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Picking (on) the New 7 Wonders of Nature

Image: Tourists visit Victoria Falls
Will Victoria Falls make the New 7 Wonders of Nature? No. In fact, it didn't even make the long list of 77, which makes columnist Rob Lovitt wonder about the usefulness of such a designation.Alexander Joe / AFP - Getty Images file

Well, well, well; will wonders never cease?

Not, it seems, if the folks who brought you the New 7 Wonders back in 2007 have their way. The New 7 Wonders Foundation has announced the 28 finalists in the organization’s latest listing endeavor: The New 7 Wonders of Nature. Culled from 77 semifinalists, their names were revealed at 12:07 p.m. (GMT) on July 21.

Allow me to recall the timeless philosophy of my late Aunt Sonia, who knew a thing or two about coming up short in popularity contests. “Mazel tov,” she’d say, “but what about the others? What are they, chopped liver?”

Assigning value via popular vote
As the latest brainchild of Swiss-Canadian impresario Bernard Weber, the new campaign would seem a, well, natural successor to the first New 7 Wonders campaign (N7W for short). That effort set out to enumerate the seven most important man-made structures constructed, since, well, the original Seven Wonders of the Ancient World were named more than 2,400 years ago.

While the original Seven Wonders (O7W?) were so named by a handful of successive observers, the N7W were declared after what its promoters call “the world’s first-ever global election.” Some 100 million votes were cast — on the Web, by phone and by text message — with the winners announced in a gala celebration in Lisbon on July 7, 2007 (yes, 07-07-07).

It would seem a tough act to follow. The Taj Mahal. Machu Picchu. Jennifer Lopez. (She headlined the Lisbon festivities and, let’s face it, she is pretty wonderful.) But rest assured Weber and company aren’t about to shy away from the challenge. Choosing from the top vote-getters from a preliminary public vote, the foundation’s Panel of Experts unveiled the 28 semifinalists, and public balloting has resumed in order to choose the definitive New 7 Wonders of Nature.

Said voting is expected to go on until sometime in 2011 (oh, 7-Eleven, perhaps?), and organizers are projecting that as many as 1 billion people will cast their ballots. It’s all designed to support the campaign’s mission statement, which states: “If we want to save anything, we first need to truly appreciate it.”

Hey, I can appreciate that, but is another Internet-powered, marketing-driven popularity contest really the way to do it?

Questionable effects and quixotic campaigns
Consider the outcome of the previous campaign, which was launched with the laudable goal that 50 percent of net revenues would be used to fund the documentation and conservation of heritage sites around the world. Alas, it seems there were no net revenues.

A year ago, Weber noted in an online FAQ that the group had made enough money to “cover our main costs.” Presumably, that includes the six-month world tour (to showcase the 21 finalists), the promotional airship and hot-air balloon flights and the pyrotechnics during Ms. Lopez’s performance in Lisbon. He added that the sites’ heightened profiles would inspire host countries to promote sustainable tourism, although no mention was made of any funding or support for such efforts.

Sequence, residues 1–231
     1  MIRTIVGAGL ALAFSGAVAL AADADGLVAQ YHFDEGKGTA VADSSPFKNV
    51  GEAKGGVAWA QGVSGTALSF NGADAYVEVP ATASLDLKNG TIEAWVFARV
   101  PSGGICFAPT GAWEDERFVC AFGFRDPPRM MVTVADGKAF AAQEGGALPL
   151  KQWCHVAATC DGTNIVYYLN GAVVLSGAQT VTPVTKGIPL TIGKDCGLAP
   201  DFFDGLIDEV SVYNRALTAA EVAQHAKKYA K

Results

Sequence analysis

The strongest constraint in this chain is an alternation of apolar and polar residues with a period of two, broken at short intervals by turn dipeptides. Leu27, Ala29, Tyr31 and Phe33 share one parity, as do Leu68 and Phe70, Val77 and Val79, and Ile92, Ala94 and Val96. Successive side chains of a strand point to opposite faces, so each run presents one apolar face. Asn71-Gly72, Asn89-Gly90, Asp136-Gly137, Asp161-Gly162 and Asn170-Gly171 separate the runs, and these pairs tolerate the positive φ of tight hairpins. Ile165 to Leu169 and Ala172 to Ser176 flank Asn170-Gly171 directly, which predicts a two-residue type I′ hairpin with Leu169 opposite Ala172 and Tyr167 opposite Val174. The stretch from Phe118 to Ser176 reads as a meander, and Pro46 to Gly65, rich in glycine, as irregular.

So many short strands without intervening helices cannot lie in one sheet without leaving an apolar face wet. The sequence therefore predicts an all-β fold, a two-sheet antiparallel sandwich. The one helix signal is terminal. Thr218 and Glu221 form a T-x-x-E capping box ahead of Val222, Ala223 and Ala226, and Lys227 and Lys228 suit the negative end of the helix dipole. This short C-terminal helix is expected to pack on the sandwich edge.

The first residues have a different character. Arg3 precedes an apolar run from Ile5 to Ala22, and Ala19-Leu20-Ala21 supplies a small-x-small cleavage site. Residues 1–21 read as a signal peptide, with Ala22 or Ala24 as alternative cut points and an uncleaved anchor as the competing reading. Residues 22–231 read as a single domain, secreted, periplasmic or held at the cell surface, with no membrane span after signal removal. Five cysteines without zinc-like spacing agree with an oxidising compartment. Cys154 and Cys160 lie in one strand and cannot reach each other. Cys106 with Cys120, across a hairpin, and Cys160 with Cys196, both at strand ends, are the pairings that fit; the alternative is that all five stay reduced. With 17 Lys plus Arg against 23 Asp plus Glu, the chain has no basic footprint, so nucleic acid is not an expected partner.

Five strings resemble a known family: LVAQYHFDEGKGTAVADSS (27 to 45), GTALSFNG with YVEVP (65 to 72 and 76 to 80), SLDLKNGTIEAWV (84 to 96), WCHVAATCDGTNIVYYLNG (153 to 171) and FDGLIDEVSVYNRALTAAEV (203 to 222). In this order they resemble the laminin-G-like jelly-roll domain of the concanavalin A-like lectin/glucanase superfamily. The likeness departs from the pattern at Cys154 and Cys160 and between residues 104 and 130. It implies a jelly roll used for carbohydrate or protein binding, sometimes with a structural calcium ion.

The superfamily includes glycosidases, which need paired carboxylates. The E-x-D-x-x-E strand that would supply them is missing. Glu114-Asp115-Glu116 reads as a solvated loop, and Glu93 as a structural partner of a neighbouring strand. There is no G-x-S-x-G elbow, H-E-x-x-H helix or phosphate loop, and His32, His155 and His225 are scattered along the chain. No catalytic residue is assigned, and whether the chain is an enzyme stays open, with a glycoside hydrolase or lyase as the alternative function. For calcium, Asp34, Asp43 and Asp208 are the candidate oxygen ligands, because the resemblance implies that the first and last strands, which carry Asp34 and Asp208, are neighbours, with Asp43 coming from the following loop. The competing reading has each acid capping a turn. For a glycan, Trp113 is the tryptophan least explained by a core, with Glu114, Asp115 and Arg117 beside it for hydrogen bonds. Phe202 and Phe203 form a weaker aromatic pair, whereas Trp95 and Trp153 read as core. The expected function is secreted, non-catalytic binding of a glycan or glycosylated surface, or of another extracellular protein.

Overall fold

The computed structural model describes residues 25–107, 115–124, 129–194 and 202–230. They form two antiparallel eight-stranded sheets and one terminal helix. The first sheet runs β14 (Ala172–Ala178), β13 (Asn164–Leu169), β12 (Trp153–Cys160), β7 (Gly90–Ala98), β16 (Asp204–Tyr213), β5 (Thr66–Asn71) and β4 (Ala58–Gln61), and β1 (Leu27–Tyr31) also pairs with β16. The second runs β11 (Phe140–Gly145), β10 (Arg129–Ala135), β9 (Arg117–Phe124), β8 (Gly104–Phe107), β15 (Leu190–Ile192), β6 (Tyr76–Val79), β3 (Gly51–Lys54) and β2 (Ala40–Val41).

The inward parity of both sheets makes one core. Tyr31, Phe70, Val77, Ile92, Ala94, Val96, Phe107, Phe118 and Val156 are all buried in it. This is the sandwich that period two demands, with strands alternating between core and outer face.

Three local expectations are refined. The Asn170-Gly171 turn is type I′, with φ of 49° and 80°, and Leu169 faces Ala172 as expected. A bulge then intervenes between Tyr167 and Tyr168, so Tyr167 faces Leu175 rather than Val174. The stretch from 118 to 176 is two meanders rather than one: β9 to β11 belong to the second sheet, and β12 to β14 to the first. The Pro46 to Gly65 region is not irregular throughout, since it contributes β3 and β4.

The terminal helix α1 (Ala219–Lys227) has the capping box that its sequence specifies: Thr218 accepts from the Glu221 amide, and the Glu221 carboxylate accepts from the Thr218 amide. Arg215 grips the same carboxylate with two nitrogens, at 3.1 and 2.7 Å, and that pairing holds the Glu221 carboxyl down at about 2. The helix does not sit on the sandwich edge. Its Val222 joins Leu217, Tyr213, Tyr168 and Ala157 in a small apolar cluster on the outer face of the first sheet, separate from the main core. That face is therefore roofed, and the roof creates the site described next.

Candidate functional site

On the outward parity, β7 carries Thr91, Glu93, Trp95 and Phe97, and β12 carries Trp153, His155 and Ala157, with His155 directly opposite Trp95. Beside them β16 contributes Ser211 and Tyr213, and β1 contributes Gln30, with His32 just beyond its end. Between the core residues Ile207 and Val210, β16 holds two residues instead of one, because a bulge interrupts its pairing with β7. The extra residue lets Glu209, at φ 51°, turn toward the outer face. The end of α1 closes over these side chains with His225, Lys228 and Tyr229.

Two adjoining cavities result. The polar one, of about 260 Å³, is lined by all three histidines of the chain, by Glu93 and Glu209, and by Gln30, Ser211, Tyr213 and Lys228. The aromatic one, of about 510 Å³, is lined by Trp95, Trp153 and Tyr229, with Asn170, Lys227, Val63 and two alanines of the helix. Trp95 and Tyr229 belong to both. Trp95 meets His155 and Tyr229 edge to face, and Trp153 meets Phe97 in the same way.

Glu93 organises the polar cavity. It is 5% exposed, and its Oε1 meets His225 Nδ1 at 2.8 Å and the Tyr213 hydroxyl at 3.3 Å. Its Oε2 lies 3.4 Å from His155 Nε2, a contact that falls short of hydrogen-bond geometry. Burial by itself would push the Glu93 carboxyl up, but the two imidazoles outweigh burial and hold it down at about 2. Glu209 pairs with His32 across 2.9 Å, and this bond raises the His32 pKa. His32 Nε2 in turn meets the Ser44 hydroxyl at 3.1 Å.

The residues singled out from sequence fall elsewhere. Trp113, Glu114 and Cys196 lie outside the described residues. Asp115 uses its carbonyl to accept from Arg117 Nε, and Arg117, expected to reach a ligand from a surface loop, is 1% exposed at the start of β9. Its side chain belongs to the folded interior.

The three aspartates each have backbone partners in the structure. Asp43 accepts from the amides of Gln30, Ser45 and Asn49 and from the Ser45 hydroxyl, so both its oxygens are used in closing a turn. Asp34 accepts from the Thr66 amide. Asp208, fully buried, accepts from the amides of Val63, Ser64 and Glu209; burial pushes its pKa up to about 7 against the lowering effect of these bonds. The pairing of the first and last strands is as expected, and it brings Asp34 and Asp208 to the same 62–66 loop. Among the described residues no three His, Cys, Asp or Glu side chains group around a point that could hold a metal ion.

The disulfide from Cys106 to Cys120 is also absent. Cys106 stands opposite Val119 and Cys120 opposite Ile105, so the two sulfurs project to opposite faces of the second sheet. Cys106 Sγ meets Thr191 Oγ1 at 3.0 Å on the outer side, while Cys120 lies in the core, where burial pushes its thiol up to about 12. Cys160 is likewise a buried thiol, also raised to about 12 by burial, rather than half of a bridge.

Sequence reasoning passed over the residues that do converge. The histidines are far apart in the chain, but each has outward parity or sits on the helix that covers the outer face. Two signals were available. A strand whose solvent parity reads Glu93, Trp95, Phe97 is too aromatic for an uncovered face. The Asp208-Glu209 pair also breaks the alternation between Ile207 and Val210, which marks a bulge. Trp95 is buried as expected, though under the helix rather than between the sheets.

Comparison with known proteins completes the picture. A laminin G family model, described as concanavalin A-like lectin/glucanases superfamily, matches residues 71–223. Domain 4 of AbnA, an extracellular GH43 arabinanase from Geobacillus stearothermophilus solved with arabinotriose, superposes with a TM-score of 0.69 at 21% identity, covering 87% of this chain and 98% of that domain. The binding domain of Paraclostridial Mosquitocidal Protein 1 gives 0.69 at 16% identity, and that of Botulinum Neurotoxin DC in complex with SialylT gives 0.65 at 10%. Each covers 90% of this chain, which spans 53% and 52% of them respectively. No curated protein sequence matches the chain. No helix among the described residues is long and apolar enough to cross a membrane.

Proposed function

Which, in this crazy, interconnected, Internet meme–driven world, hasn’t stopped others from running with the concept. There is, for example, Chi-chi Ekweozor, a young woman from Manchester, England, who recently launched a campaign to visit all Seven Wonders (N7W, not O7W) in seven days this fall. A social-media consultant by trade, she’s pitching the trip as a fundraiser, seeking £777,000 ($1.25 million) in contributions that will be donated to seven charities.

From amazing to mysterious, view the natural, cultural, archaeological and architectural wonders of the world.

Then there’s Mike and Roxy, a pair of happy-go-lucky New Yorkers who spent much of last year wandering from Wonder to Wonder, scoring hash and marijuana and chronicling their adventures with blog posts and video clips on their Stoner’s Guide Web site (motto: Been there, burnt that.). At least they weren’t asking for donations, although I’m guessing that if you had anything to share, they’d just say thanks.

I don’t know what it is, but there’s something about the Seven Wonders that inspires some truly half-baked ideas.

Let the tweeting and YouTubing begin
And now the publicity machine is about to hit high gear for the New 7 Wonders of Nature. There’s the Facebook page (77,000 fans), the Twitter account (2,130 followers) and the nearly 300 YouTube videos singing the praises of this, that or the other wanna-be Wonder. And that was before the 28 finalists had even been announced.

When they are, the whole process will start again. There will be more videos, more get-out-the-vote campaigns and, of course, another grand tour for Mr. Weber and company. Perhaps there will also be some answers as to why places like Mount Everest, Victoria Falls and the Serengeti didn’t even make it into the top 77. What are they, chopped liver?

Of course not, although you could certainly make the case that any “wonders of nature” competition that doesn’t include them is a bunch of baloney.

Rob Lovitt is a frequent contributor to If you'd like to respond to one of his columns or suggest a story idea, .